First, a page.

That year end top ten list is filling up nicely, and here’s another British contender that I’m sure will be on it. Brighton-based, The Mountain Firework Company do as fine a job as anyone (either side of the Atlantic) in taking that bluegrass sound and making it totally relevant for the early 21st century. Traditional instrumentation (banjo, fiddle, mandolin, guitars and the added beef from a drum kit) is combined with that dark thread of subject matter that runs direct from old Appalachian folk song right up to modern country noir.
The twist is that even as the splendidly mournful voice of Gareth McGahan sings of hangings at the crossroads, or of his body being lowered into the cold, dark ground, there remains no doubt that he is singing about experiences and states of mind that exist just as much today as they did in old Appalachia. The song about the hanging at the crossroads, for example, hinges on the point that the wrong man got hanged for a murder and the devil won’t come down and claim his soul, because he’s “on his way to play his tricks on the wicked hearts of men”. You only have to consider the case of the woman who attracted hysterical vilification for putting a cat in a wheelie bin to realise how a mob will still happily latch onto an appropriate victim to enjoy the thrill of righteous indignation.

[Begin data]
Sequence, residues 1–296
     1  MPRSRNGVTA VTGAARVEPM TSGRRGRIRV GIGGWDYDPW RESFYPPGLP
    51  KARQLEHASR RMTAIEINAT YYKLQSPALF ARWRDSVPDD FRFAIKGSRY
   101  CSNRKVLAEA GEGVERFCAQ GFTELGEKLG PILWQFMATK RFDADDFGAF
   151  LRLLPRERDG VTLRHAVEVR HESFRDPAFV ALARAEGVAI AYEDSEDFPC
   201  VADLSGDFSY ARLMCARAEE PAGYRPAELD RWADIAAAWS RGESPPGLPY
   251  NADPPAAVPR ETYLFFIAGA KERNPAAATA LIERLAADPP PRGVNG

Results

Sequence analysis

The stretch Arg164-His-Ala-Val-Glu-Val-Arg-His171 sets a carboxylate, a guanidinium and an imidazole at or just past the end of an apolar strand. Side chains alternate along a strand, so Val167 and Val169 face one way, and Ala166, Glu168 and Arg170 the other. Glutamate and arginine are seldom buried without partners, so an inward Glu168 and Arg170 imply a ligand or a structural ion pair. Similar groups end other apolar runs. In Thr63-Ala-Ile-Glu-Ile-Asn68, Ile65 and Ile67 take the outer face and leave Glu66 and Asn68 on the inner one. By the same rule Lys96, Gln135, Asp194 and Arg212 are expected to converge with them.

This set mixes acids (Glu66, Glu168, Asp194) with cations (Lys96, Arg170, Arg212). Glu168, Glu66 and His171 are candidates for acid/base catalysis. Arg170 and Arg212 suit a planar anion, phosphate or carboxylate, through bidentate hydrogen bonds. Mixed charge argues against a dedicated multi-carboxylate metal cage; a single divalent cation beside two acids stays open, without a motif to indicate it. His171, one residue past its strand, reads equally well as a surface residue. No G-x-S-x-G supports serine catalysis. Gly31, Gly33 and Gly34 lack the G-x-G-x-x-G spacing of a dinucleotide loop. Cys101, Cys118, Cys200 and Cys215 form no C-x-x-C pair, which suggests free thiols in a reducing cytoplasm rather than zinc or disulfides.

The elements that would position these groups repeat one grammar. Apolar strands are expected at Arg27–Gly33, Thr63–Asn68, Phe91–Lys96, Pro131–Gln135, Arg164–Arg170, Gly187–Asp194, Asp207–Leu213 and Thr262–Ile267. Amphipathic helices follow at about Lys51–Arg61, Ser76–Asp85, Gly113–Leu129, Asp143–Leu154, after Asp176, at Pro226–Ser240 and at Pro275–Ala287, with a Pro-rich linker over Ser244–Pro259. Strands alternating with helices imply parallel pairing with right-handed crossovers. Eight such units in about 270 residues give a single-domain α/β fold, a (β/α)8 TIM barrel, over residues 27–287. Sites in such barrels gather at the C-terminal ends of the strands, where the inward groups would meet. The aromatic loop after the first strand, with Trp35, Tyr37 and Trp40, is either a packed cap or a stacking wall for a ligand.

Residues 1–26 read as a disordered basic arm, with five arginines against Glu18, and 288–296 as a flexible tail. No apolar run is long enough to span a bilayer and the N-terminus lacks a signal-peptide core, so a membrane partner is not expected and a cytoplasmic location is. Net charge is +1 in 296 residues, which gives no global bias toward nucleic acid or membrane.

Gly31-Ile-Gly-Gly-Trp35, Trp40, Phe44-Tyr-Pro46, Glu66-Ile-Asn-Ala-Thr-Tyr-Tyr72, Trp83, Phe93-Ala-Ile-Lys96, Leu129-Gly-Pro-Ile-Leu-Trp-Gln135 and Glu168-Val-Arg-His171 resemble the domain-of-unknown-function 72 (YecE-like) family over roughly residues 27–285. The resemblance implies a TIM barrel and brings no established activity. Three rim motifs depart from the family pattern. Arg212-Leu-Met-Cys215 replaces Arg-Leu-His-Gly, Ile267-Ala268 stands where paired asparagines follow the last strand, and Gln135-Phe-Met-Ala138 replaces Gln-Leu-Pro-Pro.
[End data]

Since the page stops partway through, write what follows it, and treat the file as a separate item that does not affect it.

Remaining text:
As for McGahan’s love songs, there’s a desperate obsession in them that is unsettling. He’s laying his emotional vulnerability out for all to see, but there’s a dark sense that this emotion could easily flip over into something destructive. The desperation in the lyric to Daylight Robbery maybe gives you a flavour of this: “I want your eyes, that pretty face, I want your fists babe, give me all the rage…give back all the hate babe, give back what you took, I want it rough, I just can’t get enough”. The aching tenderness in his voice and the glints of dark humour suggest that nothing too bad will happen, but he’s certainly tapping into some dark undercurrents.
If the lyrical content is compelling, then the music these guys make matches that quality every step of the way. All four other band members (Grant Allardyce, Simon Russell, Mike Simmonds, Ewan Wallace) contribute warm harmonising vocals, and the beauty of their playing reaches sublime heights. When the banjo is in the foreground they sound very much like a bluegrass band but there are quietly beautiful instrumental passages where you realise that these guys are so good, they could probably play pretty much anything. Bluegrass usually focuses on speed and precision, but this band is prepared to slow things right down and to conjure something beautifully atmospheric from the interplay of their instruments. This is music of rich depth, incredibly rewarding to get into, and easily one of the best albums I’ve heard this year.
Add a Comment